Hey! This is the first lesson in a series on mastering Avid Media Composer’s keyboard shortcuts and it’s on Tools. We’ll go through pretty much every keyboard shortcut in Media Composer in this series.
If you’ve taken either of my quizzes (Quiz 1 and Quiz 2) and/or you are interested in becoming a faster, more efficient editor than this series is for you. Each lesson we’ll tackle a handful of shortcuts. We’ll go through what the shortcut is and for some I’ll comment on the tool, function or whatever the keyboard shortcut does based on my experience using Avid Media Composer hour after hour over the past decade.
Okay, enough talking. Let’s get into our first lesson!
Avid Media Composer Keyboard Shortcuts for Tools Recap
There are a bunch of tools in Media Composer. There’s the Audio Mixer, Audio EQ, Composer, Effect Editor, Media Tool and more. Ten (10!) of them have simple shortcuts. In this lesson we’ll cover them.
Cmd+1 (Mac) | Ctrl+1 (PC)
The Audio Tool shows the audio levels (how loud or soft it is) in visual form. Once you hit play the Audio Tool goes up and down based on the audio that’s being played at that frame. There’s a small sideways Audio Tool at the top of the Timeline. However the normal Audio Tool makes it much easier to see. I tend to always have this tool open.
Cmd+2 (Mac) | Ctrl+2 (PC)
Did you know Media Composer had a calculator? This isn’t your ordinary calculator either. This calculator counts timecode!
Cmd+3 (Mac) | Ctrl+3 (PC)
The Command Palette is where you go to find every button and just about any action in Media Composer. Here’s a post I wrote for Avid (yes, that Avid) about how to use the Command Palette to customize keyboard shortcuts. Can you tell I really like shortcuts?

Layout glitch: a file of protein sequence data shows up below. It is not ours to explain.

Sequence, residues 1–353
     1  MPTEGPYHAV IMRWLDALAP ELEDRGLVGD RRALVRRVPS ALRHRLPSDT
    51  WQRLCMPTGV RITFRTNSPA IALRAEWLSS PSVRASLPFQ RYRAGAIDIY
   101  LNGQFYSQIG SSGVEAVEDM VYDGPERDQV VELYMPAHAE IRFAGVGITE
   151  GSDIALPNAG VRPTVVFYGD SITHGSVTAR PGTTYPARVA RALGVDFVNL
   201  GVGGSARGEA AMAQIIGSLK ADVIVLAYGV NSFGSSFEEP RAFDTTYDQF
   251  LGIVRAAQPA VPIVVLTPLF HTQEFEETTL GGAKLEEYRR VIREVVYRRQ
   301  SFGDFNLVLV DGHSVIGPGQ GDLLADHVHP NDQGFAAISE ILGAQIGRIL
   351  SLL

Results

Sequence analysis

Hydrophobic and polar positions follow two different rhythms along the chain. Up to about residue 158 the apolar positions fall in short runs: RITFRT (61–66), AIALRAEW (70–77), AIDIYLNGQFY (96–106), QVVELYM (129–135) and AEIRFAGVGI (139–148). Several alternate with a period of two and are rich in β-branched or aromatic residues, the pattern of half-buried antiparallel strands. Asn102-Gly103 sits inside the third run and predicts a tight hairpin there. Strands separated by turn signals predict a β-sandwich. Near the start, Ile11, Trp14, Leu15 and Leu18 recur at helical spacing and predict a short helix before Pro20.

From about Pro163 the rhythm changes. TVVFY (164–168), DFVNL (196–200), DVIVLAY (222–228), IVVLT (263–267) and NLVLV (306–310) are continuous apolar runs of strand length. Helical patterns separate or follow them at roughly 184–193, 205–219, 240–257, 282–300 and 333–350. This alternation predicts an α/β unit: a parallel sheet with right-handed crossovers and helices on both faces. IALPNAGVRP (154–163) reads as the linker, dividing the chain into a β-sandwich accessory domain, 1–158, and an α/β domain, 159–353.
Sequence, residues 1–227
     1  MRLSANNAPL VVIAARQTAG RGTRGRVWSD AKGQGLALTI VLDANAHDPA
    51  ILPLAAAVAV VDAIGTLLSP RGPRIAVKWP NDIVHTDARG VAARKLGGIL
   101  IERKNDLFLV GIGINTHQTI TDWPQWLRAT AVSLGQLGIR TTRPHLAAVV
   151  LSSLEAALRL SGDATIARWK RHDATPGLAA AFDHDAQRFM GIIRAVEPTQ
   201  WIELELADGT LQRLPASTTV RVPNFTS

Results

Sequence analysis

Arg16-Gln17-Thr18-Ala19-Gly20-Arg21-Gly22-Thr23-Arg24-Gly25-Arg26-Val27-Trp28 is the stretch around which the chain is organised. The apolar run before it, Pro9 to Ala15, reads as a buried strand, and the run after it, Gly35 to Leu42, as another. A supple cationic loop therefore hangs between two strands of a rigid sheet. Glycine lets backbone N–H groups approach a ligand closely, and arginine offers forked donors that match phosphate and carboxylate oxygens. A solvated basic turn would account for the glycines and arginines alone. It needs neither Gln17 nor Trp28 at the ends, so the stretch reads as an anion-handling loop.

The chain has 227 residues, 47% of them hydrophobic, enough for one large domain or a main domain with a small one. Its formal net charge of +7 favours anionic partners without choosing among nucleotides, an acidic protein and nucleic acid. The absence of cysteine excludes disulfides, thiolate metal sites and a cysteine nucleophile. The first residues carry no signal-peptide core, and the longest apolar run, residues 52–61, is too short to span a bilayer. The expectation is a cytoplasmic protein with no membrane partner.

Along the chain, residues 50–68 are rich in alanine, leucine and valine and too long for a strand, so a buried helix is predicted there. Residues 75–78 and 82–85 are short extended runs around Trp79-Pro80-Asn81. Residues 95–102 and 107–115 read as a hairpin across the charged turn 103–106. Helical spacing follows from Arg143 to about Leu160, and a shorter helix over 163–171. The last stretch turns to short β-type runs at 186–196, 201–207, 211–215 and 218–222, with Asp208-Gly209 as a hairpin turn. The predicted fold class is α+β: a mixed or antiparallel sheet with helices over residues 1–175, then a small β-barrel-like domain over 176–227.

Cmd+4 (Mac) | Ctrl+4 (PC)
These are the Source and Record Monitors.
Cmd+5 (Mac) | Ctrl+5 (PC)
This is where you go to set defaults for new media. If you have multiple drives hooked up your media can be created to any of them. Standard operating procedure for me is right after launching Media Composer I open up Media Creation and set which hard drive I want to create media to.
Cmd+6 (Mac) | Ctrl+6 (PC)
You can do some serious damage in the Console if you don’t know what you’re doing. Do not use it unless you are 100% certain you know what you’re entering. There’s a purpose for it but over the years I’ve only used it a handful of times (each time holding my breath). You don’t need to use the Console for 99.9% of video projects. Seriously, don’t use it unless you know what you’re doing.
Cmd+7 (Mac) | Ctrl+7 (PC)
I miss capturing. Capturing is when you use a deck to bring media into Media Composer. Today it’s almost a forgotten art form. Unless you have a deck, you probably will not need this.
Cmd+8 (Mac) | Ctrl+8 (PC)
The Effect Palette is where you access all the available effects in Media Composer. 3D Warps, Timewarps, Paint Effects, Horizontal Wipes and a ton more are there.
Cmd+9 (Mac) | Ctrl+9 (PC)
The Project window will always be open if a project is open. If you click the X in the Project window the project you’re in will close and you’ll be taken back to the project selector home screen. In the Project window you can access your Bins, adjust settings, get to the Effect Palette (I still like using the shortcut to bring it up in it’s own window better) and more.
Cmd+0 (Mac) | Ctrl+0 (PC)
The Timeline is the lifeblood of your project. This shows what’s in the Source or Record Monitor. I wrote a post for Screenlight about how to customize your timeline. I highly recommend it! Read it here.
What’s next in the Master Avid Keyboard Shortcut Series
That’s it for Lesson 1 on the keyboard shortcuts in Avid Media Composer on Tools! Click here to go to Lesson 2 or click here to be taken to the information page with all the lessons.If you’re looking for a challenge and think you’re ready check out the Mastering Avid Media Composer’s Keyboard Shortcuts Exam. Are you a keyboard shortcut master?Any questions? Leave a comment below or go here to shoot me a private message.
1 thought on “Mastering Avid Media Composer’s Keyboard Shortcuts – Lesson 1: Tools”